New Year’s Resolution:
South Beyond 6,000 Challenge
By: Lydia Noonan
Photo by: PJ Coleman, taken in the Roan Highlands
With the new year right around the corner, why not consider taking on a resolution that’s both exciting and adventurous. Challenge yourself by trekking to some of the regions most rugged peaks in the South Beyond 6,000 Challenge. Doesn’t that just sound better than giving up chocolate?
The South Beyond 6,000 Challenge is a great way to experience the Southeastern Appalachian Mountains by committing to hiking 40 peaks that are above 6,000 feet in the region. It was crafted by the Carolina Mountain Club in 1967 and has since pushed new hikers yearly. Climbing all 40 peaks is not only physically demanding but requires technical skills as well. Almost half of the summits do not have trails leading the way, requiring map and compass skills to navigate while bushwacking to the top. Reaching the summit is only half the battle on these peaks, as hikers still have to find their way back down after the climb. On top of these challenges, the wide range of weather conditions found in the Southern Appalachians often times makes the treks more difficult. Many people take years to finish the challenge; however, if you want to finish them in a calendar year, be aware of weather and trail conditions in winter months. While multiple peaks can be completed in one day hike, over half can only be done individually.
A majority of the peaks are located in the Roan Highlands, Great Balsams, Black Mountains, Smokies, Craggies, and Plott Balsams regions.
In order to be recorded as a completer of the challenge, you must record and submit all hikes and routes to the Carolina Mountain Club for review. Routes to the peaks require criteria that must be met in order to be considered acceptable for the challenge. The rules include hikes being at least 5 miles with ascents of at least 500 feet. Click here for the offical guidelines. After you have reached all 40 summits, you can apply to be recorded as a SB6K completer. Less than 200 people have reported completing this adventurous challenge.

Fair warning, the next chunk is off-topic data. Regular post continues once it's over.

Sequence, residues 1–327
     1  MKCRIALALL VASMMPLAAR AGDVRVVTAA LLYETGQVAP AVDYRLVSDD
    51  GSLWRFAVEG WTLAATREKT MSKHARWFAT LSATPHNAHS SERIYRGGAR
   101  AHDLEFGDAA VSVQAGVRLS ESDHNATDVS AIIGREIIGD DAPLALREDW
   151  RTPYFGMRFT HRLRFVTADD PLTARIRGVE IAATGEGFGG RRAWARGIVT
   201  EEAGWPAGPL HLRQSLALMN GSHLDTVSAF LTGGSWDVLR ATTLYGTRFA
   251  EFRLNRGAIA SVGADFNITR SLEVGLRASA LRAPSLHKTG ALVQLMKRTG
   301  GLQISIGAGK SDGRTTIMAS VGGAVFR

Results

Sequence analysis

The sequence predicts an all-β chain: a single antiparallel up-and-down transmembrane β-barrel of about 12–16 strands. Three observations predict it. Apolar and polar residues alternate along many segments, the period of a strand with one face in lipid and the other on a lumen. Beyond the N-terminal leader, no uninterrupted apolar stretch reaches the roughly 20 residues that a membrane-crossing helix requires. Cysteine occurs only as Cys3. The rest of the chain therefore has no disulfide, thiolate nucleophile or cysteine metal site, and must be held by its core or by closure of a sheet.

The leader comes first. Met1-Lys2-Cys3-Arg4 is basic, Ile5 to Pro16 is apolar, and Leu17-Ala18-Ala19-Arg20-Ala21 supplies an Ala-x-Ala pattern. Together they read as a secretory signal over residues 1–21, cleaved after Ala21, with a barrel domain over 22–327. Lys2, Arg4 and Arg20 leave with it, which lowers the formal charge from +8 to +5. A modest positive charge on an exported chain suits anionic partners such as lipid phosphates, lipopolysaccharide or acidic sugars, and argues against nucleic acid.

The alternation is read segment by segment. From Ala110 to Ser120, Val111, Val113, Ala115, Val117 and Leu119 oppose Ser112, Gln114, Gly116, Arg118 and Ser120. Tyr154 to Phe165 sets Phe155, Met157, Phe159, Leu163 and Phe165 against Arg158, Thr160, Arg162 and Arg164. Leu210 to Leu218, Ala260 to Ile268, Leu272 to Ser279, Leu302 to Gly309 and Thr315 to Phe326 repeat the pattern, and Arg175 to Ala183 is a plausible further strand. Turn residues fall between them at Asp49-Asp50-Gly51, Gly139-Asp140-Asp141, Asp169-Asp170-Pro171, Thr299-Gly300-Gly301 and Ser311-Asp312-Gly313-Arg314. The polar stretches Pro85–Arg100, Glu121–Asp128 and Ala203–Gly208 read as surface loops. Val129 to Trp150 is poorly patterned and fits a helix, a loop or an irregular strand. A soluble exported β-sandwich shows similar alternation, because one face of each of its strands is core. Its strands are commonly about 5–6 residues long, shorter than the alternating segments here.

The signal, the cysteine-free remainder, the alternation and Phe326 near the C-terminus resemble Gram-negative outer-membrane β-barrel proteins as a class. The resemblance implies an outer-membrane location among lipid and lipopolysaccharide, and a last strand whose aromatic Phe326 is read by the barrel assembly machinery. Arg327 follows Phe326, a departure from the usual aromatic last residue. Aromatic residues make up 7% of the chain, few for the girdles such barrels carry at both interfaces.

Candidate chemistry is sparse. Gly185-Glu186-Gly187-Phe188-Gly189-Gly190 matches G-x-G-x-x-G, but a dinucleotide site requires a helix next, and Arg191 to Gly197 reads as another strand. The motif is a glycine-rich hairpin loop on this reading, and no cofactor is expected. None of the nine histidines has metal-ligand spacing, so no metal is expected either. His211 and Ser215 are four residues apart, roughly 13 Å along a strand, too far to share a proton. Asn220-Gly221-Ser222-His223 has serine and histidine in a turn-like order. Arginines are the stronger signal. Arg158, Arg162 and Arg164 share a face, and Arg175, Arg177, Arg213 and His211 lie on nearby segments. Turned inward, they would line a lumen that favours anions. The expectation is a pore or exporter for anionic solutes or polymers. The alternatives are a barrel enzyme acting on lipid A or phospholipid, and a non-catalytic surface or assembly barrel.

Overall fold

Debbie Adams is 5 peaks away from being a SB6K completor with hopes to finish in April 2020. She started the SB6K challenge in 2017 after completing the Georgia 4,000 list. Adams was intrigued and motivated to take on the bushwacking required for this challenge after attempting Mt. Democrat in 2016 and having to turn back 500 feet from the summit. She looks at that moment as a profound failure that changed her life. When asked what she has learned from her SB6K adventure Adams said, “I’ve learned that if you want to change for the better, find what truly motivates you and makes you feel alive. I’ve also learned how much I am truly capable of.” Her advice to aspiring peakbaggers is simply to buy a topo map and start exploring the old fashioned way.
Zachary Robbins completed the SB6K challenge and the Carolina Lookout Challenge in 2018. He was inspired to take them on after realizing he had already climbed about one third of the peaks on the list. In regards to the experience, Robbins commented “Most of the mountains on the 6K list are completely covered in trees devoid of any views, but that doesn’t take anything from the enchantment of hiking these mountains. The southern Appalachian spruce-fir forests that don the highest elevations in the Southeast are beautiful, and often appear untouched by humans. It is crazy to think that surveyors hiked these mountains in the 1800s without any roads, trails, electronics, or trip reports and kept returning to explore more. Sometimes the shortest bushwhacks are the toughest, and usually the toughest peaks are some of the lowest elevation peaks on the list. This is because when they’re closer to 6,000 feet they’re much more likely to have huge thickets of shrubs, it’s annoying to bushwhack through that stuff.”
Before attempting this adventure, it is very important to make sure you have the proper navigation skills and can accurately use a map and compass. Skipping out on these skills can easily result in getting lost on the summits that do not have trails. Carrying a map and compass and knowing how to use them is essential when unforeseen circumstances arise, which often happens in the backcountry.
Go the extra mile by bringing a trash bag on all your hikes to pack out whatever trash you may find. This is an easy way to help protect the trails and mountains we love. Remember to be as respectful to the trails as possible. Please take the time to learn how to identify sensitive flora so you can avoid trampling it should your trek include areas with no trails. It is popular for hikers to mark their way with flags or ribbons, lessen your impact by leaving those markers at home or making sure to get them all on your way down the mountain.
After you gear up and go out, stop by our shops and share your adventure with us!